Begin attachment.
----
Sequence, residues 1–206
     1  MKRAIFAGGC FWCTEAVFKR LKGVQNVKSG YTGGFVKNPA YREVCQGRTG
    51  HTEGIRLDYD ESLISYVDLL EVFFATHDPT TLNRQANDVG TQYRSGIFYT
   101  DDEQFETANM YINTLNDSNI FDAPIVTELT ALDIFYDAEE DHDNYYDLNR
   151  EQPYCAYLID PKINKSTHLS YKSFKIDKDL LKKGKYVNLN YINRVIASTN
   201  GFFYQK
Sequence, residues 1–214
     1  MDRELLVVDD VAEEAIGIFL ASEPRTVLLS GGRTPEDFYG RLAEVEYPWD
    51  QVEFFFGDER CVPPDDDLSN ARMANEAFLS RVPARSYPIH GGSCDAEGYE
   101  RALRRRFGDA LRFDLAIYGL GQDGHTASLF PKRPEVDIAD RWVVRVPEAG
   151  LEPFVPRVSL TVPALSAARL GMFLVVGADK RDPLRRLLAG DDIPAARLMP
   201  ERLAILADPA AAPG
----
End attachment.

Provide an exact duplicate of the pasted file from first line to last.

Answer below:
Sequence, residues 1–206
     1  MKRAIFAGGC FWCTEAVFKR LKGVQNVKSG YTGGFVKNPA YREVCQGRTG
    51  HTEGIRLDYD ESLISYVDLL EVFFATHDPT TLNRQANDVG TQYRSGIFYT
   101  DDEQFETANM YINTLNDSNI FDAPIVTELT ALDIFYDAEE DHDNYYDLNR
   151  EQPYCAYLID PKINKSTHLS YKSFKIDKDL LKKGKYVNLN YINRVIASTN
   201  GFFYQK
Sequence, residues 1–214
     1  MDRELLVVDD VAEEAIGIFL ASEPRTVLLS GGRTPEDFYG RLAEVEYPWD
    51  QVEFFFGDER CVPPDDDLSN ARMANEAFLS RVPARSYPIH GGSCDAEGYE
   101  RALRRRFGDA LRFDLAIYGL GQDGHTASLF PKRPEVDIAD RWVVRVPEAG
   151  LEPFVPRVSL TVPALSAARL GMFLVVGADK RDPLRRLLAG DDIPAARLMP
   201  ERLAILADPA AAPG